One would think that this is downtown’s new hang-out with its fab lounge and chic lobby popping out onto the streetscape at night, and with publicly-announced gatherings at the roof terrace (a veritable stimulator of ‘hip’ lifestyle). Not quite. Much more than the old Modernist carcass of the Superior Oil Building remains. A carefully controlled matrix prevents any deviation. No pictures are allowed, one cannot host a significant gathering in any of the ‘Wow’ suites, and no matter how chic or elegant, all visitors must evacuate the premises after hours. These, from amongst a lengthy list of memorized rules enounced by a hoard of synchronized security officers, are certainly standard fare embraced by Baron Conrad Hilton (Hilton hotels) and his dull traveling devotees, but it is not anything that I (extreme and varied young-professional) would expect of a place that sells swimming suits in vending machines, invites people to crowd into pods with vibrating water beds, and casts sexy video projections onto surfaces beyond its own property lines (a place where the word ‘Standard’ has been flipped upside down). It is a disservice, and a trap. Young professionals are lured here (particularly, in the opening weeks of expected ‘showcase’), to a place where no rules are immediately visible either in its physical or Web presence, only to be embarrassed and chastised for gathering with too many friends or daring to take a single picture of the wonderful interiors. In the end this boutique hotel is just what it proposes to be: standard. But it certainly offers great design ideas, mostly in the ‘cheap and chic’ range. No valet parking, but the building is adjacent to an easily-accessible parking lot. The exterior is entirely ‘un-done’, both in the stark Modernist façade and the parking lot left to look like any of the local pay-per-day lots. Of course, this blandness relies on the typical series of elucidatory details (already from the parking turf one gets an easy glimpse of the so-contemporary ephemeral glazing at the back entrance; at front the lobby and its chic furniture is emphasized by golden light in the nighttime streetscape, and framed by ‘particular’ windows; carefully placed signs indicate the general stance: “park here”, “sleep here”,…). The elevators are very speedy, making for a generalized disintegration of vertical separations; allowing the public spaces at the building base and rooftop to come together. The rooftop is the jewel, an exterior living room furnished in neo-lounge weather resistant style. On a lower level, to the north, one is greeted by manicured bushes (shaped like unicorns), surrounded by a field of red cubes that act as plantholder-seating area and fragment towards yellowish tables and chairs at the edge of the roof (all in shiny plastic). Large matching speakers diffuse music throughout (perhaps from the in-house CD: ‘Standard Sounds Volume 1: Room Service’, available at Amazon.com). All of the edge is clad in folding metal sheets. And beyond, the view is quite interesting, because it is interstitial. I mean, you get a great view, but you’re not really at the top, because this 1950s building is only about 15 stories tall, in the midst of al the neighboring towers that loom some 40 stories taller. And in the end that is quite contemporary, and yet not a part of the redesign, a view that takes in the sporadic rhythm and variety of the adjacent urban context. Much of the seating is close to the ground, making for a bit of that Middle-Eastern quality that is so popular with ‘neo-lounge’, and avoiding any sightlines projecting from the central ‘cabana’ (that is where the bar is, spanning both upper and lower levels of the roof terrace). The bar is fitted into this semi-enclosed area with only one solid back side, and 2 edges where metal industrial doors rise up during business hours. The bi-partite cabana connects this space, past glazing with ‘Emmental-cheese’ round openings, to a roofed pool-side seating area in the upper roof level. Yes there is a lap-pool, some 5 feet up, beautifully illuminated at night and with an ‘infinity edge’ that projects everything westwards, up 6th Street. Sandwiched in the middle of the building, there are actually rooms. Yes, this is a hotel; not a night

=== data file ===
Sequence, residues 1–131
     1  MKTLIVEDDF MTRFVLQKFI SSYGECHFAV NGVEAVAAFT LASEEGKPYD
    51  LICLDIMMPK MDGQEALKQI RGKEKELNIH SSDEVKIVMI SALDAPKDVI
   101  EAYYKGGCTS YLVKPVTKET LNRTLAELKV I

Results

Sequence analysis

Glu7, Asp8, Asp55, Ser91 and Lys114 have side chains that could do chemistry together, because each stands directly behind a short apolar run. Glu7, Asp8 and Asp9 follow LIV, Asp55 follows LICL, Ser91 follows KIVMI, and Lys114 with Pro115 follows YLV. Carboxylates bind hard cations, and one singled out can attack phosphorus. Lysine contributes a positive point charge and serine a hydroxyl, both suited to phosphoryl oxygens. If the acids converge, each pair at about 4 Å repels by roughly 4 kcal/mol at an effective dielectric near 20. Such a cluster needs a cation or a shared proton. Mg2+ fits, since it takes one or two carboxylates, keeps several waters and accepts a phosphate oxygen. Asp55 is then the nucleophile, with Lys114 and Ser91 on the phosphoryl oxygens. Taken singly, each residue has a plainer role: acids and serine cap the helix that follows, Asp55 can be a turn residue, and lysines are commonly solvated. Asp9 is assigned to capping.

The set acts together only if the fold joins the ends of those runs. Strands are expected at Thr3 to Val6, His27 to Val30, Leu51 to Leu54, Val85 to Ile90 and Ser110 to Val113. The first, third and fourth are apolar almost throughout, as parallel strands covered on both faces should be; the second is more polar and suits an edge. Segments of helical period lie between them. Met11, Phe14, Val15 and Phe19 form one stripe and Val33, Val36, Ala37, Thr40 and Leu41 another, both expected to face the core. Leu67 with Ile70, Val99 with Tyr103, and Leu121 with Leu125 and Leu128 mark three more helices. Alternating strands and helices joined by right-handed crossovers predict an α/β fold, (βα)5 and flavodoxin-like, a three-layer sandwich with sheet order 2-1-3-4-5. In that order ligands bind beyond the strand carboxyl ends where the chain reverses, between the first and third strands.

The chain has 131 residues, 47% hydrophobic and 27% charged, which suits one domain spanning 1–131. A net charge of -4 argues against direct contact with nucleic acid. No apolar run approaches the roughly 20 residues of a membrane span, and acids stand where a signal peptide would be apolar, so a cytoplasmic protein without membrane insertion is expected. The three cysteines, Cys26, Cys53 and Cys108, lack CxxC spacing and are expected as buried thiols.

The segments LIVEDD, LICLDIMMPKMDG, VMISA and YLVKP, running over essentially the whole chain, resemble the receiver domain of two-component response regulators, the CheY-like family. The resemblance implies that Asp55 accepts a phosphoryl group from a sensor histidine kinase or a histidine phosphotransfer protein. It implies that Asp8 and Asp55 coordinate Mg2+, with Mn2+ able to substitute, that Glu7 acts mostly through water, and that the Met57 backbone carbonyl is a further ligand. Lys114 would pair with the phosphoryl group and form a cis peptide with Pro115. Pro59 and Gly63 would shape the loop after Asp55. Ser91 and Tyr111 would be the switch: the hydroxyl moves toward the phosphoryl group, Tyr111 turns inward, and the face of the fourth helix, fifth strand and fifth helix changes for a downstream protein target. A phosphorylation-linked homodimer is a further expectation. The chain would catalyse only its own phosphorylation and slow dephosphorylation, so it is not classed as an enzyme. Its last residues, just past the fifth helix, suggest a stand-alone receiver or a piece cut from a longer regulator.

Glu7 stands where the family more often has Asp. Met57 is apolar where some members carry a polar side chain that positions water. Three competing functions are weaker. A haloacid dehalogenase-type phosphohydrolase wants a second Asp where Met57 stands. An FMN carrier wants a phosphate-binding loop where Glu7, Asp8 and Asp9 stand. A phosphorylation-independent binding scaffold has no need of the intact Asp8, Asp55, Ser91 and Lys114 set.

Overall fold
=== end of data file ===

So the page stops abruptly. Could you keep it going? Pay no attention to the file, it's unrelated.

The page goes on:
Pool seen in the ceiling reflection.
The lap pool points up 6th Street.
Poolside pods with vibrating waterbeds.
Party projections across the street.
club, although, even in the rooms, the difference is blurred. I visited one of the ‘Wow’ suites, and found it to be quite congenial. At one end of the room, a built-in slab transforms readily into no-host bar. The large bed, on a platform, and adjacent L-shaped sofa, simply beckon for groups of people to hang out. The open plan imposes itself to simultaneously promote anti-density, exhibitionistic fun, and a look to that nostalgic model of the hotel room with a period bath tub in the middle, adjacent to some pair of wooden doors that swing out to a balcony and vistas of the Venetian canals beyond. Not many canals around here, but the diagram certainly persists. The length of the room aims at the large windows that project the entire space onto the city-scape. And, inside, all walls have been removed (you know, those 2 that delimit the always-obvious massing of hotel-room baths), and so the space flows, over the bed, past the ‘living’ space, and making quite a splash through the bathtub and the rest of a continuous field of mini-mosaics. Only the toilet remains privatized behind a sliding door, for even the closets play hide-and-seek with their translucent curtains.
Typical night view.
Directional suite: towards the vistas [and ‘bar’].
‘Living’ and bath interact.
The ‘foot’ of the closet curtains.